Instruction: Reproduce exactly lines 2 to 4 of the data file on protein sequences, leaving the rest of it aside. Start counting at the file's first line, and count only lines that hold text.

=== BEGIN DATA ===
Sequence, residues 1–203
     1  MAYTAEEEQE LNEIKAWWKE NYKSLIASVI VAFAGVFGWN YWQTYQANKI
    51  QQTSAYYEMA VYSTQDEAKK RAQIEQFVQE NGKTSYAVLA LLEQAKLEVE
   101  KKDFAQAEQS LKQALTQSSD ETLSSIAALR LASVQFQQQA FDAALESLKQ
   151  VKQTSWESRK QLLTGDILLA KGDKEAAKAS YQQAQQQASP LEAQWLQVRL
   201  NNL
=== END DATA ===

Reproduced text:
     1  MAYTAEEEQE LNEIKAWWKE NYKSLIASVI VAFAGVFGWN YWQTYQANKI
    51  QQTSAYYEMA VYSTQDEAKK RAQIEQFVQE NGKTSYAVLA LLEQAKLEVE
   101  KKDFAQAEQS LKQALTQSSD ETLSSIAALR LASVQFQQQA FDAALESLKQ